But instead, I do what every parent does – persevere and repair the damage. Few of these crimes are heart-breaking, and little of the damage irreversible.

Although, come to think of it, when I glance at the pretty, little pine tree in our yard whose head was unceremoniously chopped off with a pruning shears I’m a little sad. That tree has decades of crooked, unsightly growth ahead of it and no foliage deserves that.

Feel free to vent – worst damage done to your home or property? And yes, damage to automobiles does count.

Wolverine lasagna dinner

IMG_0311My sister mailed me a photo, back in the day when both photos and mail were an actual thing, of a delightful sign outside a school that read only “Wolverine Lasagna Dinner.”

I assume, like most people, that this school sported a wolverine for a mascot, and was hosting a fundraising dinner to which they hoped all would come. But for years, I’ve harbored a secret wish that it was really a dinner at which wolverine was served. Why? Well, I guess I’m a little nuts.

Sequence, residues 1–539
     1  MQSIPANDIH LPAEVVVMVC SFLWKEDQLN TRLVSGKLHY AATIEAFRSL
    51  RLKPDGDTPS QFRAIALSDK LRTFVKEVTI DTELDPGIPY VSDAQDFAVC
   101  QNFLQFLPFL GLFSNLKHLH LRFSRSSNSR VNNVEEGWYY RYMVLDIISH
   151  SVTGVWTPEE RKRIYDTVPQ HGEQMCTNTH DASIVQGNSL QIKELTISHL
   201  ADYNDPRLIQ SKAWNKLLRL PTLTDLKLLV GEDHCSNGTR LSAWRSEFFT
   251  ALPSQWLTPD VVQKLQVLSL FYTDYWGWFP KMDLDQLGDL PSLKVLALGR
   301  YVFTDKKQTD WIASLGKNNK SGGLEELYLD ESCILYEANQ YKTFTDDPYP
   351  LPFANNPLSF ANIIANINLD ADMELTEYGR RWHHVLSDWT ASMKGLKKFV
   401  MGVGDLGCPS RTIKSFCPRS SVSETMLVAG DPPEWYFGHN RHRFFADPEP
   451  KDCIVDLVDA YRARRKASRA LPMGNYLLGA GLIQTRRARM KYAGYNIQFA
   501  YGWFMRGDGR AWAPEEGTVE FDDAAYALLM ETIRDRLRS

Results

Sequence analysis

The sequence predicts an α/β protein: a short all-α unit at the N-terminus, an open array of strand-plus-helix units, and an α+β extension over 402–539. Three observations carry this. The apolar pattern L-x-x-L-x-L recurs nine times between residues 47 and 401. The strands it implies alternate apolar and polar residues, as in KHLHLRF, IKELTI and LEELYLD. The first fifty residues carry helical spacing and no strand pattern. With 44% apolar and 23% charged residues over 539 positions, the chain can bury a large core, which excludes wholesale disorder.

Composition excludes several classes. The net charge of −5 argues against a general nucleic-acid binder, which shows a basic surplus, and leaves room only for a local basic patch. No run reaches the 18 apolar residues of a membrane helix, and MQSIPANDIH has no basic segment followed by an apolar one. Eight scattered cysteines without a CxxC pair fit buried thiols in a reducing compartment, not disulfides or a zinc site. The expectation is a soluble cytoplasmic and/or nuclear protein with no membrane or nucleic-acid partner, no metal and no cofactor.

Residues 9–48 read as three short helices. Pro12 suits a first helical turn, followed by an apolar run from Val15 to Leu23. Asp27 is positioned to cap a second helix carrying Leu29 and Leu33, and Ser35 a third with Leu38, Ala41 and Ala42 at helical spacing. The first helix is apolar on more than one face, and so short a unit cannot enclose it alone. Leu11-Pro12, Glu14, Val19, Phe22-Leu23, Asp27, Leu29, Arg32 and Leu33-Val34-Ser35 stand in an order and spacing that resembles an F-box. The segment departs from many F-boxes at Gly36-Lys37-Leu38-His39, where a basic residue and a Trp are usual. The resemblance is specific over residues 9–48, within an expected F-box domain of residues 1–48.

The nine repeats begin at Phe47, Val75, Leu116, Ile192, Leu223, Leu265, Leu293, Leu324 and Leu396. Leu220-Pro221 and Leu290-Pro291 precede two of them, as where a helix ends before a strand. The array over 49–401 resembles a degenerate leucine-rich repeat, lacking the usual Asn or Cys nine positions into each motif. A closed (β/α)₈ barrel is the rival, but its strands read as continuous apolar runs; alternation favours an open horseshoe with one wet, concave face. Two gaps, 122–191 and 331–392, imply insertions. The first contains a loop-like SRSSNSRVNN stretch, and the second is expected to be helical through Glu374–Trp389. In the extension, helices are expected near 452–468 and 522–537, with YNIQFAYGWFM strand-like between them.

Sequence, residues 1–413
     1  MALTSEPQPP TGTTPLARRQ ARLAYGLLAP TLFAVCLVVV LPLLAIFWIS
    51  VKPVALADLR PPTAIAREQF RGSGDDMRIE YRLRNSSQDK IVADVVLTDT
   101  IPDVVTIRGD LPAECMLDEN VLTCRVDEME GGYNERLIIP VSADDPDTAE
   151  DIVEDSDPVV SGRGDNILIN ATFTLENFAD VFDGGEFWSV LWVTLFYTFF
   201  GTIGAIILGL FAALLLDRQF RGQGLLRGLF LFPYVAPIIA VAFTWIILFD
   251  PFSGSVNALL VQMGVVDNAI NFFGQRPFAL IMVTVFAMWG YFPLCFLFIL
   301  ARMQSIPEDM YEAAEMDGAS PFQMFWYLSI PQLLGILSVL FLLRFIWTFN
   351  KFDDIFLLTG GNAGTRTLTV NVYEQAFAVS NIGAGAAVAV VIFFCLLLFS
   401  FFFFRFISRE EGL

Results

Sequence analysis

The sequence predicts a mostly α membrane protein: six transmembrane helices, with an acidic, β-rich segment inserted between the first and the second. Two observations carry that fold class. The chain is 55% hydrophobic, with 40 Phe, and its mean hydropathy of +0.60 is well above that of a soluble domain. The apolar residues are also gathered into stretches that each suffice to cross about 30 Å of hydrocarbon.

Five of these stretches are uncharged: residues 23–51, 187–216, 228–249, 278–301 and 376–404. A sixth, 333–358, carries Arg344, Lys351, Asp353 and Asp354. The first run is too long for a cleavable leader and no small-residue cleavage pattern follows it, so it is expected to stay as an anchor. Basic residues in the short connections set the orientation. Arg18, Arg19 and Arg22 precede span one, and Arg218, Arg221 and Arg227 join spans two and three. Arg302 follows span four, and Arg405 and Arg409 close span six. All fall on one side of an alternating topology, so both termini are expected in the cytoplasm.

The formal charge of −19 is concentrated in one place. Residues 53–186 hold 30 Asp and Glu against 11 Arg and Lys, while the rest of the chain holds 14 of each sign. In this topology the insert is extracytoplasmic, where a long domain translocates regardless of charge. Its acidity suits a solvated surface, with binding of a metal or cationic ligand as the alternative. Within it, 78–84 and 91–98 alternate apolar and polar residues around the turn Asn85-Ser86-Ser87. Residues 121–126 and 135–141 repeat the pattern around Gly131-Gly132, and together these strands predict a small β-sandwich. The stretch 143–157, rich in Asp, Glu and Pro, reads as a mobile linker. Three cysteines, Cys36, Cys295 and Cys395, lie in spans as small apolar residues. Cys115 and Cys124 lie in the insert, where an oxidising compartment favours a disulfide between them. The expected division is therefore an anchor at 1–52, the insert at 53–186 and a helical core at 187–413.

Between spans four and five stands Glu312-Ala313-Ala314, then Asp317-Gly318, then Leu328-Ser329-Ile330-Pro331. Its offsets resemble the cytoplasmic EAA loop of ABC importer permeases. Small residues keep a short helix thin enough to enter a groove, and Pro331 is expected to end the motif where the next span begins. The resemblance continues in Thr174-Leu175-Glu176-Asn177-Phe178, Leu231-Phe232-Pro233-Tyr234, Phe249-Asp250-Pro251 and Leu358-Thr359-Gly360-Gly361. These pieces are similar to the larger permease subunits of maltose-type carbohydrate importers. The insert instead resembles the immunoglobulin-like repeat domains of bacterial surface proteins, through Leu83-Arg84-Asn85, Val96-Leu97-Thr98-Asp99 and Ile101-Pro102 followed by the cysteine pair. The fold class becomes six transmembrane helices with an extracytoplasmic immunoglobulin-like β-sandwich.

Since my children are now in that stage of their educations known as “the fundraising years” I find myself returning to thoughts of that sign now and then, and thinking about the school announcement that might have accompanied it.

Dear Wolverine parents,

As you know, we’ve been working quite diligently to ensure that our nationally-ranked soil-judging team can attend the state finals in Springfield this April. To support our team, we’re hosting a dinner, but we need your help!

In order to make our dinner a success we need the following supplies. Please contribute if you can!

28 flats of bottled water

50 boxes gluten-free lasagna noodles

17 gallons organic, no-salt-added tomato sauce

4 grain-fed Wolverines, skinned and diced

100 pounds part-skim mozzarella

Mid-sized Sterilite container of iceberg lettuce

2 gallons fat-free salad dressing